The new romantic relationship between law-firm colleagues Harvey Specter (Gabriel Macht), left, and Donna Paulsen (Sarah Rafferty) is a centerpiece of the final season of USA Network's 'Suits.' (Photo: USA Network)
Meghan Markle gets a shout-out in the final season premiere of USA Network’s “Suits.” Well, at least her character, Rachel Zane, does, as law firm pal Donna (Sarah Rafferty) leaves a voicemail for her.
But executive producer Aaron Korsh says Markle, now known as Duchess Meghan of Sussex, is welcome to return the call – or just return – anytime. “Meghan, if you’re reading this article, the phone is available,” he jokes.
“Suits,” one of the cable network’s biggest hits, is preparing its exit with Wednesday’s ninth-season premiere (9 EDT/PDT). It’s followed by the debut of spinoff “Pearson,” which stars Gina Torres, who played “Suits” attorney Jessica Pearson, as a fixer for the cagey Chicago mayor.
On “Suits,” Markle’s Rachel will be referenced off-camera again when another departed cast member, Patrick J. Adams, returns to the New York law firm as Mike Ross in the season’s fifth episode. At one point, he talks on the phone with Rachel, his wife, who’s home in Seattle, although her voice isn’t heard.
Korsh hints that Adams’ Mike, once the protégé of legal powerhouse Harvey Specter (Gabriel Macht), may return later during the 10-episode final season, but he says he never talked to Markle about appearing, even in voiceover.
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Jessica Pearson (Gina Torres), a high-powered lawyer in 'Suits,' moves to a new city, Chicago, and a new job, mayoral fixer, in the USA Network spinoff drama, 'Pearson.' (Photo: Isabella Vosmikova, USA Network)
“I think Meghan knows we’d love to have her back (but with) her new life – I can’t imagine the responsibilities, not to mention that she just had a baby – we thought it would be best to let her have her life,” says Korsh, who attended last year’s royal wedding as part of a “Suits” contingent that included Torres, Macht and Rafferty.
Mike returns as the figurative younger brother who’s trying to prove he’s as good a legal mind as Harvey. That rivalry leads to “consequences that play out for the second half of the season,” Korsh says, and draws in law partner Samantha Wheeler (Katherine Heigl), who arrived last season.
The season’s main storylines revolve around two developments from the end of Season 8: the start of the Donna-Harvey relationship and the law firm’s attempts to recover from the disbarment of lead partner Robert Zane (Wendell Pierce), who took the fall for Harvey’s wrongdoing.
With the firm in danger of failing, the lawyers argue with each other and chafe under the oversight of a strict overseer (Denise Crosby) appointed by the New York bar after the disbarment of Robert and also Jessica (Torres) and the revelation of Mike’s fraudulent legal credentials.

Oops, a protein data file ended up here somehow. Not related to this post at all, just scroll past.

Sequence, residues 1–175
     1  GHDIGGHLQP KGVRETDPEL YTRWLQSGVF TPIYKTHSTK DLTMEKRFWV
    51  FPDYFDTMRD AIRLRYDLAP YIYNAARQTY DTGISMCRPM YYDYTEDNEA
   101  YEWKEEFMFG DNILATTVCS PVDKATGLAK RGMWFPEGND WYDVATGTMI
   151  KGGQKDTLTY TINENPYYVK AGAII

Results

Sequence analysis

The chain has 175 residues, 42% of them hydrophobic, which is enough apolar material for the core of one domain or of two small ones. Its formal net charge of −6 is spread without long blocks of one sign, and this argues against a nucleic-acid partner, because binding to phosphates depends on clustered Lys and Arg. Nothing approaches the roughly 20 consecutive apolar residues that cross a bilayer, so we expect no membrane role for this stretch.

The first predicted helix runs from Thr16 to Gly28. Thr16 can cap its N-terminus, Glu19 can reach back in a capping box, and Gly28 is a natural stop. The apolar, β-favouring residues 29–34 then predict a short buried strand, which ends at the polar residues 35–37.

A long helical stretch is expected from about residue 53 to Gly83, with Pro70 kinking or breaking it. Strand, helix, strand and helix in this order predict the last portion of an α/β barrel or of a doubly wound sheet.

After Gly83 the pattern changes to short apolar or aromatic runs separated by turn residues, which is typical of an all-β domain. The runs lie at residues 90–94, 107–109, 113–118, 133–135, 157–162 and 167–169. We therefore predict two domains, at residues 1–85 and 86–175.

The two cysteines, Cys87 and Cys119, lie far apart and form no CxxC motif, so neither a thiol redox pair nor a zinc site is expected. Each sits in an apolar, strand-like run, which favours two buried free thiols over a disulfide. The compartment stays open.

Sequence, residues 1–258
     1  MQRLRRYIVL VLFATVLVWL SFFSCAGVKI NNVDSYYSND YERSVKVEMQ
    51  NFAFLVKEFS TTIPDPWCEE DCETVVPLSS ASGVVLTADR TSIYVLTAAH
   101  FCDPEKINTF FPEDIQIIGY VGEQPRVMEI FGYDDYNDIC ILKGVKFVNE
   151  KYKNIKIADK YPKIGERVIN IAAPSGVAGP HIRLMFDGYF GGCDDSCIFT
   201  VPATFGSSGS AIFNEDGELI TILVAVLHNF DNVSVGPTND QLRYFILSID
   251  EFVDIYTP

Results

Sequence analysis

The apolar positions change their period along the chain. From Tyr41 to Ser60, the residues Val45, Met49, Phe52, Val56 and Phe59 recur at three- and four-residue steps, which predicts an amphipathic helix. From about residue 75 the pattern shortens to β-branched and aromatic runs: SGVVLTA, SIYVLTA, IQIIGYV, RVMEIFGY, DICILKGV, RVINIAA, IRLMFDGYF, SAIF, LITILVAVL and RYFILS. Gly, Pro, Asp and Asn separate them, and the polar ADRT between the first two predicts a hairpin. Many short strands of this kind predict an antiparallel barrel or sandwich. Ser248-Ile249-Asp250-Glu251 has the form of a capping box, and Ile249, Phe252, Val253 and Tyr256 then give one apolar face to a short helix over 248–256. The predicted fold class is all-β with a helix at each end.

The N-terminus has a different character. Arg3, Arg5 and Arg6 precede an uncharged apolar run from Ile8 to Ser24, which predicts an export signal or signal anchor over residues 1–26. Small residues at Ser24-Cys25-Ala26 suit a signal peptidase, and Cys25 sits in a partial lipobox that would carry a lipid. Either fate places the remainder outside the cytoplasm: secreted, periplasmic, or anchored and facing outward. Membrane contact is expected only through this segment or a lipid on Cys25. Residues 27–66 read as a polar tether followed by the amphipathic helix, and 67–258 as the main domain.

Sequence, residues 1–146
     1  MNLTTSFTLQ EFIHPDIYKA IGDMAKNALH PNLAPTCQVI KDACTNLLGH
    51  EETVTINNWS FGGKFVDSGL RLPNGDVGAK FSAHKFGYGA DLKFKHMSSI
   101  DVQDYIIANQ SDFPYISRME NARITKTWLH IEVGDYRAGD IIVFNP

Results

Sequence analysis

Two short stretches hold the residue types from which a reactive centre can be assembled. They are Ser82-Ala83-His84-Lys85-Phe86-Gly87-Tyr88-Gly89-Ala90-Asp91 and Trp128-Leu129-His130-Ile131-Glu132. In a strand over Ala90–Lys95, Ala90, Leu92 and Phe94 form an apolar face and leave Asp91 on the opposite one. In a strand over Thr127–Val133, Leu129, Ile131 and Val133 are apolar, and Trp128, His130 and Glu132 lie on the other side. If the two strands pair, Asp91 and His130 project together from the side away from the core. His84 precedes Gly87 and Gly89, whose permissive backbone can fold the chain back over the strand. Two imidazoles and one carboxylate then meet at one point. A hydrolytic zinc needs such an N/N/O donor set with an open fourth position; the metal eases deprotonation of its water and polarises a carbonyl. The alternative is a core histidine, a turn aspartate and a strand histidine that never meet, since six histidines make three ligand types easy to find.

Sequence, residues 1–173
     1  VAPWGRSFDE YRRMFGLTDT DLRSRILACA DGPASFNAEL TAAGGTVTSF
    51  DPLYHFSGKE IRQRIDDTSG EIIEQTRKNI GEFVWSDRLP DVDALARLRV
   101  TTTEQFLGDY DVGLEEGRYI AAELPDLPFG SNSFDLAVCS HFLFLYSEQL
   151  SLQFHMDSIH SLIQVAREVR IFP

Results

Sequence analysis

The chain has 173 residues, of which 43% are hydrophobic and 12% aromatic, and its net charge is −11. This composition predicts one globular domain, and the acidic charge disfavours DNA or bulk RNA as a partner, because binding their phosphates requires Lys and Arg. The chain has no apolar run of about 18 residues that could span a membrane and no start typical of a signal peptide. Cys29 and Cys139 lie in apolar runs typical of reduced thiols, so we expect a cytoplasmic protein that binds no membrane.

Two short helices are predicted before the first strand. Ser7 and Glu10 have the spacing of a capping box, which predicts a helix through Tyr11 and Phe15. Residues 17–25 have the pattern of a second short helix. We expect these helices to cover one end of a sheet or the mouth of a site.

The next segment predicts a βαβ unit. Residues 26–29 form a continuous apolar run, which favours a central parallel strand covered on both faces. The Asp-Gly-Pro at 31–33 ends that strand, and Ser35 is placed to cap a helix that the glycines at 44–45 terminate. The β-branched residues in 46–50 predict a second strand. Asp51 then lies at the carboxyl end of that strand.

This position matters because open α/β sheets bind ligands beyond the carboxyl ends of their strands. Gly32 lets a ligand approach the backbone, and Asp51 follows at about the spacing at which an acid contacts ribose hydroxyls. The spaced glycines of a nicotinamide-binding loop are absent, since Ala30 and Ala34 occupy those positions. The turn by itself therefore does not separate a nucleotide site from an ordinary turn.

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Rick Hoffman as Louis Litt and Dule Hill as Alex in USA's 'Suits.' (Photo: Ian Watson, USA Network)
“The last season is about holding up a mirror to our characters and saying we might be rooting for them, but from an ethical perspective, (they) have to deal with the consequences of all their ethical choices of the last eight years,” Korsh says.
Torres’ Jessica may make a “Suits” appearance, although Korsh is still determining how to bring her back without disrupting the spinoff’s effort to establish its own story and tone.
Jessica Pearson (Gina Torres) maintains her elegant fashion style, which fans enjoyed on 'Suits,' in her USA Network spinoff series, 'Pearson.' (Photo: Eddy Chen, USA Network)
In the new show, Jessica moves to Chicago as a high-powered fixer for Mayor Bobby Novak (Morgan Spector).
Jessica is ” well-known for being relentless, intelligent and unapologetic for being those things,” says Torres. “But we are no longer in the world of corporate law. We are in the world of Chicago politics, which is rife with conflict and corruption. ‘Pearson’ is also based more in real day-to-day issues,” such as campaign contributions, school inequality and housing affordability.
It also presents the broad range of people who live in Chicago. “There’s a greater percentage of our population that is depicted, that is seen. We shoot its diversity, its socioeconomic disparities,” Torres says.
Jessica is more off-balance in this alien terrain, navigating a sometimes friendly, sometimes adversarial relationship with the mayor, while trying to get what she needs from City Hall rivals.
“We wanted to see a Jessica who didn’t have all the answers all the time,” as she often seemed to in Manhattan corporate law, Torres says.
Morgan Specter plays Chicago Mayor Bobby Novak, who hires Jessica Pearson as a high-powered fixer in USA Network's 'Suits' spinoff drama, 'Pearson.' (Photo: Scott Everett White, USA Network)
Torres says she had no interest in a spinoff when she left “Suits.”
“I was absolutely done with Jessica,” Torres says. “But I was so fascinated by the 2016 election and the people involved in it. It inspired ‘Pearson,’ because I started thinking of Jessica in that world because she is as motivated (as candidates and officeholders) to get what she wants done.”
She sees a similarity between Jessica and “men and women who go into politics wanting to do the right thing. Somewhere along the line, they have to make a compromise for the greater good, and before you know it, it’s one compromise too many. Are they corrupt or just lost?” Torres says.
Jessica will face many challenges as she tries to make life better for Chicago’s residents.
“She’s now in a very different city that doesn’t like outsiders, and she is not welcome. She has a lot of people to win over,” Torres says. “She will still find a way to make it entertaining in the process, but it’s not going to be easy.”
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